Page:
8 Things Conference Officials Don't Advertise - Social Media Explorer
8 Things Conference Officials Don’t Advertise
8 Things Conference Officials Don’t Advertise

Having recently returned from SMX Social Media and gearing up for Blog World Expo and Executing Social Media – yes, I’m going to be conferenced out by Thanksgiving – you could say much of my spare thought has centered around conferences, networking and the like. Many of my SMX friends have posted recaps, thoughts, and opinions about the event that are far better than anything I could offer, but the subject matter of conferences in general is top-of-mind.

While I learned a great deal and networked a great deal more at SMX Social Media, I did come away with a handful of reminders that conferences are sometimes not what they’re all cracked up to be. With no direct reference (okay maybe one) to SMX Social Media, and pulling from about a dozen or so conferences or workshops I’ve attended over the years, here is my list of 8 Things Conference Officials Don’t Advertise.

  1. Roughly 75 percent of the presentations will be off-topic.
    How many times have I sat down to hear “Insider Tips” on social networking sites or Dreamweaver or Photoshop and gotten a 30 minute spiel on how to add friends, toggle the code view or apply a drop shadow? For all you future conference presenters, we don’t want to see examples of your cool work for a client unless it provides what the session title promises.
  2. Computer geeks are brilliant. Organizers of computer conferences need some work.
    Put 250 computer nerds in a room with A) No surfaces for their laptops and B) No power outlets and be glad they’re not fixated on red staplers.
  3. There are never more than two types of people at conferences.
    Half the crowd will be lost midway through the overview session. All the others will claim they could have done each presentation better.
  4. The cell phone with the most annoying ring tone will be the one that goes off during sessions … twice.
    I have honestly sat two rows from a woman who not only had K.C. and the Sunshine Band’s “Shake Your Booty” as her ringer, but who answered the call.
  5. The speakers don’t want to talk to you … right away.
    Those 10 people who rush to the podium to “network” with the speaker or ask questions right after the presentation are only preventing him or her from taking a deep breath and going to pee. My bet is their business cards get tossed first.
  6. Associated banquets provide the worst food.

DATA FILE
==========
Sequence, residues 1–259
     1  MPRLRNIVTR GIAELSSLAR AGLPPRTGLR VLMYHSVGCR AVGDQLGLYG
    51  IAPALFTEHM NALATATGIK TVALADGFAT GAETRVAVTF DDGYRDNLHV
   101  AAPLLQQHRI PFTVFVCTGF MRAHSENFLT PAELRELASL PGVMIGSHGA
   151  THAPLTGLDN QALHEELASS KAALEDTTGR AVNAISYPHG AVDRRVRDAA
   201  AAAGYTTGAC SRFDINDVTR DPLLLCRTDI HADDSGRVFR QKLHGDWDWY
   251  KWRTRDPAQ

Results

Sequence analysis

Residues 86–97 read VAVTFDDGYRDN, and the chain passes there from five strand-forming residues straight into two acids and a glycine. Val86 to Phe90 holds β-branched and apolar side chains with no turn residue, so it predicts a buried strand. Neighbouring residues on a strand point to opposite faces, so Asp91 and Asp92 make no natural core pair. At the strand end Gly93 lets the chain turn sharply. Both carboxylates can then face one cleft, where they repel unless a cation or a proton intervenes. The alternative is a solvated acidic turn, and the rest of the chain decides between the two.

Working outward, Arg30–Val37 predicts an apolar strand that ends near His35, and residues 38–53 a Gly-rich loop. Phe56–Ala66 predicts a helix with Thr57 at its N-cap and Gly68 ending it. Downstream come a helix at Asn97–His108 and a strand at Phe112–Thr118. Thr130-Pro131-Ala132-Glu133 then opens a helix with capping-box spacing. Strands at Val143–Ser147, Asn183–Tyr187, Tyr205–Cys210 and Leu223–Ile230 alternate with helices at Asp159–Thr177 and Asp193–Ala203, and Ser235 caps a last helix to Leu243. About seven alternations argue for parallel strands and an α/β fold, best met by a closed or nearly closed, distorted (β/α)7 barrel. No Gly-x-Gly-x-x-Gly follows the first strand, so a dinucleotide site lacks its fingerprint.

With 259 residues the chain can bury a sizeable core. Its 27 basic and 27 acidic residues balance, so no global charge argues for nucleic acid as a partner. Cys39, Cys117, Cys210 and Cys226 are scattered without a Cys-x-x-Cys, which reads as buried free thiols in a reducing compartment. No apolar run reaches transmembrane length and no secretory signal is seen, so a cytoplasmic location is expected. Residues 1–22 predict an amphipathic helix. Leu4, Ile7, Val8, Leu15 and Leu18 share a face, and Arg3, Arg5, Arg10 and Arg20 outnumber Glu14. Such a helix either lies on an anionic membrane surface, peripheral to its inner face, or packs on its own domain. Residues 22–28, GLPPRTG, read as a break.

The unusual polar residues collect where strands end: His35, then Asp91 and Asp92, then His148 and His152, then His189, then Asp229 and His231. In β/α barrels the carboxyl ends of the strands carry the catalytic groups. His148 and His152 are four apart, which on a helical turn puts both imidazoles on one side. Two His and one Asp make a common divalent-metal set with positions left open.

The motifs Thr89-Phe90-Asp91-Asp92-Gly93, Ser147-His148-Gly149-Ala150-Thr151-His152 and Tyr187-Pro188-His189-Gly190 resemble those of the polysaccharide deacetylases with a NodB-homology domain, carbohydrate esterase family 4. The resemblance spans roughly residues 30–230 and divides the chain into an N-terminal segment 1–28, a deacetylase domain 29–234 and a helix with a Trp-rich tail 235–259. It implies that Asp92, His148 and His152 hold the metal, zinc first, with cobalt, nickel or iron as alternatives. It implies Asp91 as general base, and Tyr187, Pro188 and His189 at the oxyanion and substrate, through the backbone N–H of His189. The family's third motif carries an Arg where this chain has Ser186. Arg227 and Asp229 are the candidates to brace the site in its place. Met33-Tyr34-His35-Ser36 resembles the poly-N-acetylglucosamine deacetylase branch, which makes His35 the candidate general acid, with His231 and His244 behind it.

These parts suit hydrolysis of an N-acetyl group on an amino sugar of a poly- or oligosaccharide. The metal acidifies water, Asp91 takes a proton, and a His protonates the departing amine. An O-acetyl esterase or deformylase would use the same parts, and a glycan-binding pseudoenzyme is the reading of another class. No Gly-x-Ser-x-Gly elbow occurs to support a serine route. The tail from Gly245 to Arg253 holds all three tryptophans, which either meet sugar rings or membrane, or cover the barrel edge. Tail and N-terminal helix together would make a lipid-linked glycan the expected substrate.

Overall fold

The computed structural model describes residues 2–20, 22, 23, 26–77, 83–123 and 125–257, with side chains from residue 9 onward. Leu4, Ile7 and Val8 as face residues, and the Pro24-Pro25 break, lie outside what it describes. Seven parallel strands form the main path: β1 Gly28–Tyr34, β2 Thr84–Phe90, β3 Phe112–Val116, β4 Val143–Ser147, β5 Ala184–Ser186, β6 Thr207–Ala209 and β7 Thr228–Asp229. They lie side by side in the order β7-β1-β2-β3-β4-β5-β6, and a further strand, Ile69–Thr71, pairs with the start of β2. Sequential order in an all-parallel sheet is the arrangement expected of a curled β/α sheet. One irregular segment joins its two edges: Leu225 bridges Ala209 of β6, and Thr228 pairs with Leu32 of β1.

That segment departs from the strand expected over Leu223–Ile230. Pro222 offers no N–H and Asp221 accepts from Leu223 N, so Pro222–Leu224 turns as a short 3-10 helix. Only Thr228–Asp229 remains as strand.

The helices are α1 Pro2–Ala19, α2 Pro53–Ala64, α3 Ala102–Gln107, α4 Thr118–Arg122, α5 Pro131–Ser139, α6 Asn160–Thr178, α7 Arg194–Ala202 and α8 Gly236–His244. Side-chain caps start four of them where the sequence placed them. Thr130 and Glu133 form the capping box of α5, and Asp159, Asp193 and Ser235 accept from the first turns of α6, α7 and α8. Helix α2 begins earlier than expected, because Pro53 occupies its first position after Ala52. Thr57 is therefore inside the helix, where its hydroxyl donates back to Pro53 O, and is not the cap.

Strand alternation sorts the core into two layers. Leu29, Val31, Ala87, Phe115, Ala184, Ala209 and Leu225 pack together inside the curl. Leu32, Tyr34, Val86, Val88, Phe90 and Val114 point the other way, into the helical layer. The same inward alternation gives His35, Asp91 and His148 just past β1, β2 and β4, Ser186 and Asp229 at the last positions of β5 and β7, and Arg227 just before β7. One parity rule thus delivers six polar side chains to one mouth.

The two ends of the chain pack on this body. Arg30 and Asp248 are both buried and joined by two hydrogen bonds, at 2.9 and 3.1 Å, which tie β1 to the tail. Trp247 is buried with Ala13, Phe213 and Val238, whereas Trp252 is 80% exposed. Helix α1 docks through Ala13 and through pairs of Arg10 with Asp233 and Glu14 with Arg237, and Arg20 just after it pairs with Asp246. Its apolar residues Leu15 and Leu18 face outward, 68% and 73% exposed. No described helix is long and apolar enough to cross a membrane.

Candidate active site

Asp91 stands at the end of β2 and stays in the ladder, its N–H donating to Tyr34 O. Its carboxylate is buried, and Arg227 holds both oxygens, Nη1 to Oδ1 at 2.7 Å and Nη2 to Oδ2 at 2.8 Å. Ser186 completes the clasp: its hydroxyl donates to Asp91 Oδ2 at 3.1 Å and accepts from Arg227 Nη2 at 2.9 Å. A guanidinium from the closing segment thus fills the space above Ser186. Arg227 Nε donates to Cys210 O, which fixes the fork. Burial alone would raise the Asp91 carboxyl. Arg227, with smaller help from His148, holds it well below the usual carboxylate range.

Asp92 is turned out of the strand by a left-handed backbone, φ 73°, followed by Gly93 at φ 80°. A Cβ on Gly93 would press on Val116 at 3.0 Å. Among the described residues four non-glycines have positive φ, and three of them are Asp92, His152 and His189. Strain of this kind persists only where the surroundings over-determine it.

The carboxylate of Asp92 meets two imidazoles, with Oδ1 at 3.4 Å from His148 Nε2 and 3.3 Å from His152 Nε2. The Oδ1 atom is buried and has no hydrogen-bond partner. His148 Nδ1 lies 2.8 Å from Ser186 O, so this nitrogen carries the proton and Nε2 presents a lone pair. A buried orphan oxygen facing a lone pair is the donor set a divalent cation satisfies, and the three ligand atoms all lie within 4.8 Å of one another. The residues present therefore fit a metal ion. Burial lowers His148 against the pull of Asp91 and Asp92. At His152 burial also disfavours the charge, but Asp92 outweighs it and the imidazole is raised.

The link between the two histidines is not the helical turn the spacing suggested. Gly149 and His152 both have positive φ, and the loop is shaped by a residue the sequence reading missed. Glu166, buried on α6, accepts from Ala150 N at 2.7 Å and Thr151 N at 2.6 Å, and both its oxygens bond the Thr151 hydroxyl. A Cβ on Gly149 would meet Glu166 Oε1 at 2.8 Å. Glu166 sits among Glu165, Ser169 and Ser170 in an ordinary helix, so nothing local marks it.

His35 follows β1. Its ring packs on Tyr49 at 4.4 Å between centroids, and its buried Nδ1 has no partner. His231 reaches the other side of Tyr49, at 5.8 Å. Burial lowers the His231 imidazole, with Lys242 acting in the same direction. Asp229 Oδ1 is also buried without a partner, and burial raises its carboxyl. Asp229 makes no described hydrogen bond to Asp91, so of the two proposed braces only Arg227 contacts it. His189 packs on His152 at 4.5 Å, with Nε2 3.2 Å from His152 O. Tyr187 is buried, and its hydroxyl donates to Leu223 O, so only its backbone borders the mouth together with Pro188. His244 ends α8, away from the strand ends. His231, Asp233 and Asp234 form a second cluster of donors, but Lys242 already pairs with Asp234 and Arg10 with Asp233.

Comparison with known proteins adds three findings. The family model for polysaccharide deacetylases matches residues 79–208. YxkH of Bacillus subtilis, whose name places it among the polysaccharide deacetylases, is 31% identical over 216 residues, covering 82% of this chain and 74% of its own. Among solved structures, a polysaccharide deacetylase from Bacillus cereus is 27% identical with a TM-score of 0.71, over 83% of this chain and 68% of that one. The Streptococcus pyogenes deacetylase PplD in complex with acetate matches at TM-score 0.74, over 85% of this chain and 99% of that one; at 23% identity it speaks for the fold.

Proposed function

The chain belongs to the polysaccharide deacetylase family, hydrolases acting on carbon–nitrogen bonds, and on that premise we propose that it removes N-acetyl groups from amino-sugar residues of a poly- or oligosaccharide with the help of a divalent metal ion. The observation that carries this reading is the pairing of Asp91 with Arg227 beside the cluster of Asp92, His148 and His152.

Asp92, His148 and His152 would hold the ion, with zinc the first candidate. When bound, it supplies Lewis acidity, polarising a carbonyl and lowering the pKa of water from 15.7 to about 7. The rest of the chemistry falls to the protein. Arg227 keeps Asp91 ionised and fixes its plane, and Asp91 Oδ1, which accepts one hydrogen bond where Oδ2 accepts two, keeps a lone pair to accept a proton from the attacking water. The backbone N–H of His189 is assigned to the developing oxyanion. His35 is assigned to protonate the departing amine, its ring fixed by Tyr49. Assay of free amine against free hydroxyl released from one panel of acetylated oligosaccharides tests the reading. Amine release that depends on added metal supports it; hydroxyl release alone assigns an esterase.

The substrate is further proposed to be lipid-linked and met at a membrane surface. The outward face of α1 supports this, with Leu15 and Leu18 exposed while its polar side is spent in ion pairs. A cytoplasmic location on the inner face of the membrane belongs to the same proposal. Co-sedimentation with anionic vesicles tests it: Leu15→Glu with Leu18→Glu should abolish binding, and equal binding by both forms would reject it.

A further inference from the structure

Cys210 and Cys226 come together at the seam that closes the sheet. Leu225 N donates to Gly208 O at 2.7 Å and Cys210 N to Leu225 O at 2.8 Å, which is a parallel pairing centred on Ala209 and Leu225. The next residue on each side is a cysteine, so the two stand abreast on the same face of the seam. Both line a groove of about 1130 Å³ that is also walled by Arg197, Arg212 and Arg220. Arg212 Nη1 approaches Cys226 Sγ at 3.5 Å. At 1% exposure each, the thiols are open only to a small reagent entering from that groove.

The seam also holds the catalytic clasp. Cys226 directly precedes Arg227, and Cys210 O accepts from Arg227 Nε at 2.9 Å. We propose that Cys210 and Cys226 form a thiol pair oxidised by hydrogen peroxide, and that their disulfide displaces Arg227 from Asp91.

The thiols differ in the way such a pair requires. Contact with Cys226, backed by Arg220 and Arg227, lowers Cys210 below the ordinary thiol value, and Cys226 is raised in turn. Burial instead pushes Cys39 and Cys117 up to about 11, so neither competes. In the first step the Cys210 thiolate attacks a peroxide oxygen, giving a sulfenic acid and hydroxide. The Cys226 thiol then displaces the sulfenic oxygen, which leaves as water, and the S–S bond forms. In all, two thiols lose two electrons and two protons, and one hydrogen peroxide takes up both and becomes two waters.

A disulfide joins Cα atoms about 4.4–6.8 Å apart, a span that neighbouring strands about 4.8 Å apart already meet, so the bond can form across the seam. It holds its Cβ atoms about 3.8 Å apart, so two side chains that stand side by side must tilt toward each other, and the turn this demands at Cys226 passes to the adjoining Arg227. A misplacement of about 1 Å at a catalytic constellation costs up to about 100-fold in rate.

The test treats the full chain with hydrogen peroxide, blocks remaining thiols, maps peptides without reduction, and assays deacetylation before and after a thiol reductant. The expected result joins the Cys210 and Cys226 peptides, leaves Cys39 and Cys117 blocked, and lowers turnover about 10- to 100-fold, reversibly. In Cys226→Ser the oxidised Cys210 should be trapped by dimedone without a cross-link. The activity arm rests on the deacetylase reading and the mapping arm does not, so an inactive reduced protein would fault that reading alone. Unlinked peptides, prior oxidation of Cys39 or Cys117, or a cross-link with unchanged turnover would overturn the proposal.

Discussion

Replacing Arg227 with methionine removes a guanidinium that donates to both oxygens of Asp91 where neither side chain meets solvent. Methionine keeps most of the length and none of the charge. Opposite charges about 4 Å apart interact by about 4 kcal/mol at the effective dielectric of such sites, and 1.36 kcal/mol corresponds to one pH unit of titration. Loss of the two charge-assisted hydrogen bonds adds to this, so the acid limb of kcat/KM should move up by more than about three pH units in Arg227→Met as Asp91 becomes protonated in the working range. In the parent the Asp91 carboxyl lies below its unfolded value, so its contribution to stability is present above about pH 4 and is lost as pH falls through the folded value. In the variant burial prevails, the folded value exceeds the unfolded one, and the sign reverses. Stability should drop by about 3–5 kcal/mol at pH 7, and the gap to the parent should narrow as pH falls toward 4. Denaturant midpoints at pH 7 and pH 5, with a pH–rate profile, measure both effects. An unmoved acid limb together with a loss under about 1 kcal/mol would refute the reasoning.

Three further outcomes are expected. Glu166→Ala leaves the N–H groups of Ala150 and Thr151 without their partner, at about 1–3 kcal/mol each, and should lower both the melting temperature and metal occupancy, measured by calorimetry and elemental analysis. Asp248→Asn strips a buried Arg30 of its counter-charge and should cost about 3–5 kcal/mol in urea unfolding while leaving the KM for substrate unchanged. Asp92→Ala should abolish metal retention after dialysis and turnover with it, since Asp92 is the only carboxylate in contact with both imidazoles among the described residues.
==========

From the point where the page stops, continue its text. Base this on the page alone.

Okay, so sautéed roast beef and chicken cordon bleu aren’t bad meals in and of themselves. But you needed no prompting to know which two meals I would list, which makes it funny.
  7. Regardless of your level of homework or enthusiasm, you will always call someone by the wrong name, mistake their presentation for another or get caught acting like you know their work better than you do.
    We all want to network like pros. Fortunately, we are better at other things, like our jobs.
  8. No matter how comfortable the chairs, your butt will be numb.
    There’s a lot for the conference organizers to cram into a day. Count on breaks that are too short, sessions that are too long and chairs that make you Google “sciatica.”

Here’s hoping presenters, speakers and officials from my next two conferences read this … and that the ones from previously attended ones either don’t or know I’m not referring to them.

Related Links You’ll Enjoy
1.    Attending a Conference Without a Laptop
2.    Packing for a Conference and Other Wiley Tricks
3.    What I Loved About (And Learned From) SMX Social Media
4.    10 Presentation Tips From A Professional Trainer
5.    How to “Web 2.0 Enable” Your Live Event

IMAGE: From RustyBrick on Flickr (some rights reserved)

[tags]conference, conferences, presentations, presenters, annoying, pet peeves, networking, humor, parody[/tags]

SME Paid Under

About the Author

Jason Falls
Jason Falls is the founder of Social Media Explorer and one of the most notable and outspoken voices in the social media marketing industry. He is a noted marketing keynote speaker, author of two books and unapologetic bourbon aficionado. He can also be found at JasonFalls.com.

Comments are closed.

VIP Explorer’s Club